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William Rivers Pitt | Iraq, Two Bullets and the Long Arc of History

Two bullets in Sarajevo unleashed one hundred years of carnage. Some facile lies from a few American politicians may well have unleashed another hundred years of the same.

Archduke Franz Ferdinand and his wife Sophie leave the Sarajevo Guildhall after reading a speech on June 28, 1914. They were assassinated five minutes later. (Image via Wikipedia)

There is no present or future, only the past, happening over and over again, now.
– Eugene O’Neill

Over the weekend, the world observed what must be considered one of the bleakest, bloodiest anniversaries in the history of humanity. One hundred years ago, on June 28, 1914, Archduke Franz Ferdinand was assassinated in Sarajevo along with his wife by Gavrilo Princip, a 19-year-old Bosnian Serb who was a member of a group known as the “Black Hand.” The Archduke was struck by two bullets and died within minutes, while his wife died en route to the hospital.

One month later, Austria-Hungary declared war on Serbia, the other great European powers soon joined the fray, and with banners flying and trumpets blaring, the awesome butchery that was World War I began. The bloodletting did not end until November of 1918, and once the smoke and mustard gas had cleared, four of the great powers in Europe – the Russian, Ottoman, Austro-Hungarian and German empires – no longer existed. Millions were dead, whole swaths of Europe lay in ruins, and the old Napoleonic practice of close-order battle marches had been rendered into so much meat by the lethal metal truth of modern mechanized warfare.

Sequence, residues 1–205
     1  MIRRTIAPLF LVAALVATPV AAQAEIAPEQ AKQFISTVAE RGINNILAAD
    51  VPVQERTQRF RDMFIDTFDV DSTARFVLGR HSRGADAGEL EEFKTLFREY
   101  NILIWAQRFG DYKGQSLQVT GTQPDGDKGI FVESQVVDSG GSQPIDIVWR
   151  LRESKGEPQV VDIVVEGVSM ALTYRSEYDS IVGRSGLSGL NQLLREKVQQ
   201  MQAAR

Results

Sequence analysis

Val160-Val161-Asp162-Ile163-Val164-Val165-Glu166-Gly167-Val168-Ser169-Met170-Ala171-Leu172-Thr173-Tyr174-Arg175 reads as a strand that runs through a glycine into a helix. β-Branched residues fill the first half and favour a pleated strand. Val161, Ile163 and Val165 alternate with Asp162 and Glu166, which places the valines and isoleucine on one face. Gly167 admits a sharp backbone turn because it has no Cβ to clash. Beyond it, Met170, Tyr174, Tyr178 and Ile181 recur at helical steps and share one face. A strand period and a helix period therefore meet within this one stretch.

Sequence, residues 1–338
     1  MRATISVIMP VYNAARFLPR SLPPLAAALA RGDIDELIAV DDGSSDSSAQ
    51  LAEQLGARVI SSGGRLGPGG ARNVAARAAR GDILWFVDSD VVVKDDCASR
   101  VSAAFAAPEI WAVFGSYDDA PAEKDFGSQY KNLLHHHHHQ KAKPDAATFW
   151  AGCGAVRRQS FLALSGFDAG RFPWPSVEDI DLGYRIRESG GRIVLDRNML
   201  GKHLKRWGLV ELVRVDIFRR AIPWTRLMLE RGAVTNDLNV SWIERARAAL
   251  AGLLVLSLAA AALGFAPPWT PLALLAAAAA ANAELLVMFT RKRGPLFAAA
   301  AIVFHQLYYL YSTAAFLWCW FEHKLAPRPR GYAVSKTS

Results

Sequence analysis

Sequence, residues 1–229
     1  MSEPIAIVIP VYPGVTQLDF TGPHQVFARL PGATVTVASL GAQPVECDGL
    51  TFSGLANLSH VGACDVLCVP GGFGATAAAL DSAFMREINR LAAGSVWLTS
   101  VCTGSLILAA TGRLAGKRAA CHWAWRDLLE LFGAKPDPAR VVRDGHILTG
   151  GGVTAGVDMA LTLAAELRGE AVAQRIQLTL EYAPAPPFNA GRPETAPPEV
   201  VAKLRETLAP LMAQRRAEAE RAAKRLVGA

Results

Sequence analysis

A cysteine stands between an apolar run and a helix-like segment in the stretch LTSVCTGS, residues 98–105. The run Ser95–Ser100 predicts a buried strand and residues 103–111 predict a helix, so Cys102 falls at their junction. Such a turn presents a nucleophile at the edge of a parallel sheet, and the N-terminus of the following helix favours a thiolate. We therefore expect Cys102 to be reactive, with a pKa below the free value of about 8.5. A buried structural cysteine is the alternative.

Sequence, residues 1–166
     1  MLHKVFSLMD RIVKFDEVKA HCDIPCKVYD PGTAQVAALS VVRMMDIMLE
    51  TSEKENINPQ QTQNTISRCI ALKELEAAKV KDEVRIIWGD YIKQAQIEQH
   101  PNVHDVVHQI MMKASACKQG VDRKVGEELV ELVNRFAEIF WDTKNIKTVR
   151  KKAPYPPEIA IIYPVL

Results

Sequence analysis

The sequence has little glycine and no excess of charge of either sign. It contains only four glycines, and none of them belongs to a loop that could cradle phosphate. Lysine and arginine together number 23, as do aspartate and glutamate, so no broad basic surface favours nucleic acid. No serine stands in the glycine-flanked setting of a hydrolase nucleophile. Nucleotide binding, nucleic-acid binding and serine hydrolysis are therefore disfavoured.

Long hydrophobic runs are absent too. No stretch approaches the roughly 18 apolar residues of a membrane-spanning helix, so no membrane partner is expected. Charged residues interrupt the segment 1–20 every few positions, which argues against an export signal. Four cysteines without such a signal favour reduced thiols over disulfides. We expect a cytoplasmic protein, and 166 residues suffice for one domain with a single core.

The cascading aftermath, however, was only just beginning. The chaos unleashed in Russia by the war led to the collapse of the government, the rise of Vladimir Lenin, and the birth of the Soviet Union. Ten years after the creation of the USSR, Josef Stalin was named General Secretary of the Communist Party. He remained the undisputed leader of the USSR until his death in 1953, and during those intervening years, Stalin oversaw one of the most ruthless, paranoid regimes that has ever existed on the skin of the Earth. At the peak of his atrocities, there were as many as 1,000 executions a day, while millions more were “disappeared” into gulags. Despite this, the Soviet Union under Stalin grew to be a tremendous industrial power, and a dominant presence on the world stage.

In Germany, the turmoil left in the wake of the war was just as pronounced, and came to affect the entire planet along with the course of human history. The war, and the armistice that was signed to end it, left Germany shattered and humiliated. The rage, deprivations and despair left in the wake of the collapse of the Weimar Republic became fertile soil for the growth of German fascism, from which a failed painter named Adolf Hitler was able to reap a truly bitter harvest. In 1939, Germany invaded Poland, the slaughter of the Holocaust was underway, and the global massacre that was World War II came to pass.